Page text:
Memorial to the Wright Brothers Dedicated, 1932

The Wright Brothers National Memorial, circa 1939. Image from the State Archives.

On March 2, 1927, President Calvin Coolidge signed legislation authorizing the Kill Devil Hills National Monument. Five years later, a 60-foot granite monument was dedicated in Dare County.

The monument itself was built on a 90-foot sand dune stabilized through the planting of special grasses. The dune was part of a larger natural embankment that the Wright Brothers used to launch gliders in the years leading up to their famed first powered flights in 1903.

The groundbreaking of the memorial. Image from the State Archives.

Designed to mimic the look of a marine beacon, the monument’s double entrance doors each have six panels depicting moments from mankind’s attempts at flight. The inscription notes the momentous achievements in the history of flight that the Wright Brothers attained at Kill Devil Hills.

Though the monument’s 1932 dedication was expected to draw tens of thousands of people bad weather kept all but a handful away. Orville Wright was in attendance and the featured guest of honor. In 1953, Congress renamed and designated the monument as the Wright Brothers National Memorial.

It continues to be on the premiere attractions on the Outer Banks, drawing more than 425,000 visitors each year.

Visit: The Wright Brothers National Memorial, located in Kitty Hawk operated by the National Park Service, is open to visitors year-round.

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The Holding Family and First Citizens Bank

A First Citizens branch on S. Broad Street in Brevard, crica 1950s-1960s. Image from the Transylvania County Public Library.

A First Citizens branch on S. Broad Street in Brevard, crica 1950s-1960s.
Image from the Transylvania County Public Library.

On March 1, 1898, the Bank of Smithfield, now known as First Citizens Bank, opened for business.

The bank, Johnston County’s first, was founded by Allen W. Smith who remained president until 1906.  The institution became First National Bank of Smithfield before merging with Citizens National Bank to become First and Citizens National Bank. In 1929, the company adopted the now-familiar moniker of First Citizens Bank & Trust Company.

Clayton Banking Company, which eventually
became part of First Citizens, circa 1919.
Image from the State Archives.

Robert Powell Holding, who joined the bank as an assistant cashier in 1918, became president in 1935. He piloted First Citizens through the Depression and World War II, and by the time of his death in 1957, it was the second largest bank in North Carolina. Holding’s three sons continued in their father’s footsteps by occupying the key posts of chairman of the board, president and vice president.

The Holdings grew First Citizens into one of the largest family-controlled banks in the United States, and the family continues to own the bank today.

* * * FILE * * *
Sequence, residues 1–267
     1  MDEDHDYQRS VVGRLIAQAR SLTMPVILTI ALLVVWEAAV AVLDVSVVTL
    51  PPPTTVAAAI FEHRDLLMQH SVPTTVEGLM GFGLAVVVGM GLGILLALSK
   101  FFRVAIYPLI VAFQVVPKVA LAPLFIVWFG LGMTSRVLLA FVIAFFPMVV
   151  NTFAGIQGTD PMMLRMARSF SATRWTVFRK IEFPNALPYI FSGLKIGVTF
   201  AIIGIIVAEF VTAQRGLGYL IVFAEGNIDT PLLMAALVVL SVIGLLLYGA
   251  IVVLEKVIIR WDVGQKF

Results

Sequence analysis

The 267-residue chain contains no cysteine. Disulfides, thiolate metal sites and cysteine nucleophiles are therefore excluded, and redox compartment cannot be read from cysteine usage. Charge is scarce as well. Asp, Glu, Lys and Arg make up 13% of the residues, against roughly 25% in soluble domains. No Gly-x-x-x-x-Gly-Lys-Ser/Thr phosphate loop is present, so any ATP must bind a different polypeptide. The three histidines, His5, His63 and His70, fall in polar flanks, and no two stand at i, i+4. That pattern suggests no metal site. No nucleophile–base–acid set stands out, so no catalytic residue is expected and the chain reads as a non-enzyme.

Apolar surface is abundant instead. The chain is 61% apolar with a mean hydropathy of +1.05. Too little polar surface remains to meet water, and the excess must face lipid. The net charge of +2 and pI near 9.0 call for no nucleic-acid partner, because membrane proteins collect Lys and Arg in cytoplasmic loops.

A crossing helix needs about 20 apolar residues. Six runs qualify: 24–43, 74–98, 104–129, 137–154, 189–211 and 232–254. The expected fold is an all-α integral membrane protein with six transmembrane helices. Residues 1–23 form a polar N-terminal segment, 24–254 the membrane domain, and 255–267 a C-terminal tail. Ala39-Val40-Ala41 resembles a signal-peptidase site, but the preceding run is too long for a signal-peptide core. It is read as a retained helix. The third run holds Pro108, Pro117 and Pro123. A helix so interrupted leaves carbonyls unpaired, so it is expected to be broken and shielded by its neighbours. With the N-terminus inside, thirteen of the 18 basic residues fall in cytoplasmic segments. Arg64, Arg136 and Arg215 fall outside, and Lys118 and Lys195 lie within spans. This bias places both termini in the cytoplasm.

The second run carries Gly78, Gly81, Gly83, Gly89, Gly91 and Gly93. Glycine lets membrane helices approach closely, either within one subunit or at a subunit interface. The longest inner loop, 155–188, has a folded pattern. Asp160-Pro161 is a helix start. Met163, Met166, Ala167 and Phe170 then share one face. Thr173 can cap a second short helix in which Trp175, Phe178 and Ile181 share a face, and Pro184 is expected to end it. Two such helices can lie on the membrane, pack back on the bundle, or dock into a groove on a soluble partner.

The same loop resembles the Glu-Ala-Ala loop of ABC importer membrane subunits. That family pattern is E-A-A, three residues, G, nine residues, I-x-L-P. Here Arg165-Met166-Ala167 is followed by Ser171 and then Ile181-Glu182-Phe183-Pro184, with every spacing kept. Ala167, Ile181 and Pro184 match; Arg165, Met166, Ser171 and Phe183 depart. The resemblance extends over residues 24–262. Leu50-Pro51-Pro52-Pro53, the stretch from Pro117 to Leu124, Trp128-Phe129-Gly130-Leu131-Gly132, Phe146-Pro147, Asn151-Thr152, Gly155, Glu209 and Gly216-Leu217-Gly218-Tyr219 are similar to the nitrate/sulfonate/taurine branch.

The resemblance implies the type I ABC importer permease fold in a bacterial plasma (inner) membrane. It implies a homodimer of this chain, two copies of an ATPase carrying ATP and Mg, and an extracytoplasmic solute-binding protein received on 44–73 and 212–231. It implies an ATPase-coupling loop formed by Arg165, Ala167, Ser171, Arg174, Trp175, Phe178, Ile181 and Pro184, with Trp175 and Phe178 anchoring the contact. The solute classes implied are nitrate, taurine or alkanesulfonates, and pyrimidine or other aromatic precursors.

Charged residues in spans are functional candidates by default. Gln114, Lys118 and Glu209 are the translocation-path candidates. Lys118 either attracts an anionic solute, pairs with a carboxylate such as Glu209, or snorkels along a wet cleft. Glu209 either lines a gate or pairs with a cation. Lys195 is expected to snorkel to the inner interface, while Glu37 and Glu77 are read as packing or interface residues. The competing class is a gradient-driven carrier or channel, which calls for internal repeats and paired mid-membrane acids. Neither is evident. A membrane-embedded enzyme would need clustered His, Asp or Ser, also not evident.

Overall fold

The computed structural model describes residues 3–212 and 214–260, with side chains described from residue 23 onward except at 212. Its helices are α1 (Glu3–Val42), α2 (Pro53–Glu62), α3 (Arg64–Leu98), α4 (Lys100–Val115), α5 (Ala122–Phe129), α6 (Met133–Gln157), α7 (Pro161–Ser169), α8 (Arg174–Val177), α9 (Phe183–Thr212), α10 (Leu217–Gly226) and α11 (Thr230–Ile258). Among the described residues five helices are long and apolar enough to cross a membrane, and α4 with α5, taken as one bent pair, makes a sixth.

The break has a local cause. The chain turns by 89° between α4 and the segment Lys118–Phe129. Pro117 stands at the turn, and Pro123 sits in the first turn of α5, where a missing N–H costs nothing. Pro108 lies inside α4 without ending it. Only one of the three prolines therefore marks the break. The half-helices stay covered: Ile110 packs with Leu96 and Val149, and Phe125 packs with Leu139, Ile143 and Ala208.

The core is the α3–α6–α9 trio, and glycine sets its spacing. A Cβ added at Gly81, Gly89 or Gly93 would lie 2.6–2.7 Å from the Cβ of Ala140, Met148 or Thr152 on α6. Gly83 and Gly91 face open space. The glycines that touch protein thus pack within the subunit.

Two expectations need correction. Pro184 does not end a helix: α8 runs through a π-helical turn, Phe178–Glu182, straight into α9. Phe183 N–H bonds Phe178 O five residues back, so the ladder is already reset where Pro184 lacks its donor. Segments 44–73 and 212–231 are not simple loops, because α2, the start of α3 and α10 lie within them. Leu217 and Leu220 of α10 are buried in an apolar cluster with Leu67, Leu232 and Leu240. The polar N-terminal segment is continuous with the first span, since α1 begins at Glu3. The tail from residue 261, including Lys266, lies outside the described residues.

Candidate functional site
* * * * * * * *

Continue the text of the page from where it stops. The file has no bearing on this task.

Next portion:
For more about North Carolina’s history, arts and culture, visit Cultural Resources online. To receive these updates automatically each day, subscribe by email using the box on the right and follow us on FacebookTwitter and Pinterest.

Governor Thomas Bickett of Monroe and Louisburg

Gov. Thomas Bickett in a cotton field near Raleigh, circa 1918.
Image from the State Archives.

On February 28, 1869, Thomas Bickett, North Carolina’s World War I governor, was born in Monroe

After studying law at UNC, Bickett settled in Louisburg and was elected to represent Franklin County in the state House in 1906. During his single term in the General Assembly, Bickett made his mark as the sponsor of the “Bickett Bill,” which set aside a half-million dollars to help care for the mentally ill.

Gov. Bickett and his wife stand on the steps of the Executive Mansion. Image from the State Archives.

Drawing attention at the 1908 state Democratic Party convention in Charlotte, Bickett was nominated for attorney general. During his two terms in that office, Bickett successfully defended the state’s interests in numerous state Supreme Court cases and five before the United States Supreme Court.

Bickett was elected governor in 1916, the first year primary contests were held. Three months after his inauguration, the United States entered World War I. Though motivating the public to help the war effort became a major focus of his term, he also helped overhaul the state’s parole system, expand higher education, reform the tax code and increase spending on public health. A strikingly successful politician, Bickett saw the General Assembly adopt 40 of the 48 proposals made during his term.

Bickett died in December 1921 and is buried in Louisburg.

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Cherokee Attack on Fort Dobbs

An artist's rendering of Fort Dobbs. Image from the N.C. Historic Sites.

An artist’s rendering of Fort Dobbs. Image from N.C. Historic Sites.

On February 27, 1760, Fort Dobbs was attacked by a force of more than 60 Cherokee warriors. The fort had been constructed four years earlier to protect the western frontier during the French and Indian War.

Fighting between the British settlers and their former allies broke out in 1759 as settlers were killed in revenge for the murder of several Cherokee the year before. As the only permanent fort on the colony’s frontier, the fort served as a safe-haven for settlers, and its garrison of soldiers helped to defend the region.

Colonel Hugh Waddell, the fort’s commander, noted that the Cherokee “found the fire very hot” as ten of his men engaged the Cherokee near the fort around nine o’clock at night. “I ordered my party to fire which we did not further than 12 steps each loaded with a bullet and seven buck shot,” Waddell later wrote. “They [the Cherokee] had nothing to cover them as they were advancing either to tomahawk or make us prisoners…”